STEP #10 – Test and Optimize for Continuous Improvement

Unlike Moses’ tablets, your content marketing strategy should not be set in stone!  General Eisenhower famously declared, “plans are nothing; planning is everything.” And so you will need to keep the process continually in review: is the strategy still aligned with the corporate mission? Are we meeting our goals and our KPIs? Do we still have stakeholder buy-in to the process? An evolving cycle of planning, checking, doing, and changing will require an ongoing and iterative process that will ensure the effectiveness and longevity of your strategy and a range of satisfied customers, both outside and in.

But when it comes to creating a content marketing strategy that leads to enlightenment and the creation of content nirvana, I am going to leave the last word to Buddha:

There are only two mistakes one can make along the road to truth; not going all the way, and not starting.

Picture Credits:

Title Image: The Art of Social Media by mkhmarketing: https://flic.kr/p/dUmKE4 (Creative Commons); (Pic 1) Buddha by John Choe: https://flic.kr/p/9zM1P (Creative Commons); (Pic 2) Buddhist Temple detail Singapore by Les Haines: https://flic.kr/p/gELBoL (Creative Commons); (Pic 3) Nirvana by Steve Prakope: https://flic.kr/p/h5Yvy (Creative Commons); (Pic 4) Buddhist Scripture by Mark DeMaio: https://flic.kr/p/26D9q (Creative Commons); (Pic 5) Tibetan Buddhist nuns listening, vow takers in maroon, red, and orange, Sakya Lamdre, Tharlam Monastery porch, Boudha, Kathmandu, Nepal by Wonderlane: https://flic.kr/p/bmnFTo (Creative Commons)

William Trevor
About William Trevor 17 Articles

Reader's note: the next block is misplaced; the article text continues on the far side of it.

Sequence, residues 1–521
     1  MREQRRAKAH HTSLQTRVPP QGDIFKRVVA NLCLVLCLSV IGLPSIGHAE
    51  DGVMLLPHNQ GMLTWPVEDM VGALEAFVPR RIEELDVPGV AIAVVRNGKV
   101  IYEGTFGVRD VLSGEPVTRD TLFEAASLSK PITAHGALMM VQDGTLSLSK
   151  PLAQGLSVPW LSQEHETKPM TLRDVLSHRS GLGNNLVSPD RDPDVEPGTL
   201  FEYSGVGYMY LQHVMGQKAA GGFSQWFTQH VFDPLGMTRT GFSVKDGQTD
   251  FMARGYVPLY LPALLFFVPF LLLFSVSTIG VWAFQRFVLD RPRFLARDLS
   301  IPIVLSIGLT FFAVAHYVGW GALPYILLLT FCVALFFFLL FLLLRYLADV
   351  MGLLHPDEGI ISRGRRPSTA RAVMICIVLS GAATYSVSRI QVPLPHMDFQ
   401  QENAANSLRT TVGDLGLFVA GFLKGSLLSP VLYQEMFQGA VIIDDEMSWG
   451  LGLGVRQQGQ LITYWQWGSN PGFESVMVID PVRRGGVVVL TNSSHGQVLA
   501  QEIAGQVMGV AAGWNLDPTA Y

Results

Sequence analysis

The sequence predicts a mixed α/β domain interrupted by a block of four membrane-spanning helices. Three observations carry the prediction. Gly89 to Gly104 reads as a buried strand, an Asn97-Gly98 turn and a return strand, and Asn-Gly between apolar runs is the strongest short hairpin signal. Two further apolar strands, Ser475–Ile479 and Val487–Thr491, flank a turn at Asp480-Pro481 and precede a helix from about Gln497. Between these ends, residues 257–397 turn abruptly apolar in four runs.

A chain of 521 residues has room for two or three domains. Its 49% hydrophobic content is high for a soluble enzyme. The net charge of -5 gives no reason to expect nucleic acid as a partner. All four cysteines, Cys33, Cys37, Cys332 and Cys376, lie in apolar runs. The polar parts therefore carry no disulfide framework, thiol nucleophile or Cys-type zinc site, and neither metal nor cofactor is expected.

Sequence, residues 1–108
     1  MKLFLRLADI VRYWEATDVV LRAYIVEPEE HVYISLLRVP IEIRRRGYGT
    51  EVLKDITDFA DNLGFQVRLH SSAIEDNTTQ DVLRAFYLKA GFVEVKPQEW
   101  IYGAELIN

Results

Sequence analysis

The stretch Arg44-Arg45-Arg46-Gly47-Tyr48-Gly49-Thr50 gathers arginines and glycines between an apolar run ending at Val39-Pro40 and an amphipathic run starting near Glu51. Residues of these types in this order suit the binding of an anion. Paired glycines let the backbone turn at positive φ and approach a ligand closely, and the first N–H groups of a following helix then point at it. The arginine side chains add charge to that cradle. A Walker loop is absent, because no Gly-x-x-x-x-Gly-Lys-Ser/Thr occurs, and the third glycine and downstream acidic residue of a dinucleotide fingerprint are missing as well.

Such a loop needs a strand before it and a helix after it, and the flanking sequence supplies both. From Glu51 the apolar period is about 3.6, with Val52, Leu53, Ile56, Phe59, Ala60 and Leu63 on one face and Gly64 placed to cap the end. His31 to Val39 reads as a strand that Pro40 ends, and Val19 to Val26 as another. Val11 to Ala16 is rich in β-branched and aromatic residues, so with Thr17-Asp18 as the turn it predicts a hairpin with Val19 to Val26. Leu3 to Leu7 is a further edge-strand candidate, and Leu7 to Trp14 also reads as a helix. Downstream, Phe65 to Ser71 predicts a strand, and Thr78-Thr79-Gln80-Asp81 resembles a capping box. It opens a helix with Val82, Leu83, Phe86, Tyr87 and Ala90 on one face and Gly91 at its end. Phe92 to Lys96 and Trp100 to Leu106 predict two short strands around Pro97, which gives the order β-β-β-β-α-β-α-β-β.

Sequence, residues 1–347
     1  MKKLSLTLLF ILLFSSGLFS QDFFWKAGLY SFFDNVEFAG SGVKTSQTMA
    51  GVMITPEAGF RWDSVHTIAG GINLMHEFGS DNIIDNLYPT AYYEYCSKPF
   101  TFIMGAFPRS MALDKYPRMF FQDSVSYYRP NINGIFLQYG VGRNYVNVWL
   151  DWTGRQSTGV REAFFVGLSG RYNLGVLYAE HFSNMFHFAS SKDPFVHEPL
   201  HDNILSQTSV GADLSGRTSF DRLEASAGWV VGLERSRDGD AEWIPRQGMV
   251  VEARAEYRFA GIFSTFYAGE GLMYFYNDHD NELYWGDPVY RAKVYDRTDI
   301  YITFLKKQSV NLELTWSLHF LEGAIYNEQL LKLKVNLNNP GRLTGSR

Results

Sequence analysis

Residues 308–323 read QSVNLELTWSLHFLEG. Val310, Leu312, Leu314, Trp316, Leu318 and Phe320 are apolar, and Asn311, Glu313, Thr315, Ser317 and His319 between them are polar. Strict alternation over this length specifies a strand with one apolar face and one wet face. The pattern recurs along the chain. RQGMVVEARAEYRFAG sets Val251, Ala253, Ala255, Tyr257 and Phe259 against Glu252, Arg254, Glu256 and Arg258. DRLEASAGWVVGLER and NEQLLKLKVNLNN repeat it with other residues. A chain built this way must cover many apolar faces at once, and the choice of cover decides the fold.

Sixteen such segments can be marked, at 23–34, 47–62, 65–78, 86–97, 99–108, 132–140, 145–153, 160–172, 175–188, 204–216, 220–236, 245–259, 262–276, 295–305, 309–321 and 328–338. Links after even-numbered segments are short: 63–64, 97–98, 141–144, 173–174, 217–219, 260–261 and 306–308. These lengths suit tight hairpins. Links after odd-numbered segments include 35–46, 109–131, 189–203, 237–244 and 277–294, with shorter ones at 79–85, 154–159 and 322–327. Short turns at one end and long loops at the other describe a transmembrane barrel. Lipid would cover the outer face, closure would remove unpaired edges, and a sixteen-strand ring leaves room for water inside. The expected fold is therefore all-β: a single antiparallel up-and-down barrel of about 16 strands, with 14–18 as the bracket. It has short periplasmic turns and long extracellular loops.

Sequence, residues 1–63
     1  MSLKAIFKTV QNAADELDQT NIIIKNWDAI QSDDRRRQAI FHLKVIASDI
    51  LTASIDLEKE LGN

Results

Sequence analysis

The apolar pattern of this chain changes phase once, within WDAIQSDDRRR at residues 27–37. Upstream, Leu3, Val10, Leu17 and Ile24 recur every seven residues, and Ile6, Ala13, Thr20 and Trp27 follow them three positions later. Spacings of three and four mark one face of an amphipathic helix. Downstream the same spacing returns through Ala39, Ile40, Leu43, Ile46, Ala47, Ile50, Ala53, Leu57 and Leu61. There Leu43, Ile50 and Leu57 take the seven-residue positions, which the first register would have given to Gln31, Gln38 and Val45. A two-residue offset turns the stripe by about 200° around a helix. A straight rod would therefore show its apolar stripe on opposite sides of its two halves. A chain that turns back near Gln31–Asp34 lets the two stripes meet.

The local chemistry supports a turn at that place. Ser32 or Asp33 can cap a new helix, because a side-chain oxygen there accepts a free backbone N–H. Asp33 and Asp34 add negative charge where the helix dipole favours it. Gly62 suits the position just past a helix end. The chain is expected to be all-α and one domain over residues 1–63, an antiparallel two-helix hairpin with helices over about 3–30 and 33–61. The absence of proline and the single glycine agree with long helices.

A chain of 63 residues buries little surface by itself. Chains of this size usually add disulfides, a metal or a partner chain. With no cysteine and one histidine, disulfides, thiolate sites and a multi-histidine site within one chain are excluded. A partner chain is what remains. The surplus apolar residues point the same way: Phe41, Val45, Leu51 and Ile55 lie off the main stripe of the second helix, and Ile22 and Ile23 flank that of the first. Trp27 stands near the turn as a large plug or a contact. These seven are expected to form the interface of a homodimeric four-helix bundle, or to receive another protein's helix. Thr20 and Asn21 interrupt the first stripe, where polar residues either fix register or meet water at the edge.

Will Trevor is the Faculty Program Director for Marketing in the School of Business and Technology, in which role he is responsible for overseeing and developing the college’s marketing programs. He has a background in sales and marketing, where he filled a range of positions encompassing both consumer-to-consumer and business-to-business markets and across a range of industries. His experience spans both agency-side and marketing management roles, which have helped to inform his perspective on marketing from both a practitioner and an academic angle. And as a longtime member of the Chartered Institute of Marketing, he was recently honored to attain the designation of Chartered Marketer. Will has taught in higher education for a number of years and on both sides of the Atlantic: in the UK as a faculty member with the University of Essex Online, Leeds Beckett University, Leeds City College, and Askham Bryan College; and in the USA he has taught for both Excelsior College and the University of the People. In 2013 Will was recognized for his qualifications and experience in the field of higher education and he became a Fellow of the Higher Education Academy. From his practical experience in consultancy and market research, Will developed an academic interest in fields of marketing that relate to market research and the role of big data. He also explores issues of consumer behavior and the impact of the evolving field of behavioral economics on the marketing discipline. And his previous experience in sales also fuels an ongoing interest in sales and sales management and the role of sales professionals in a global context and in terms of cross-cultural issues.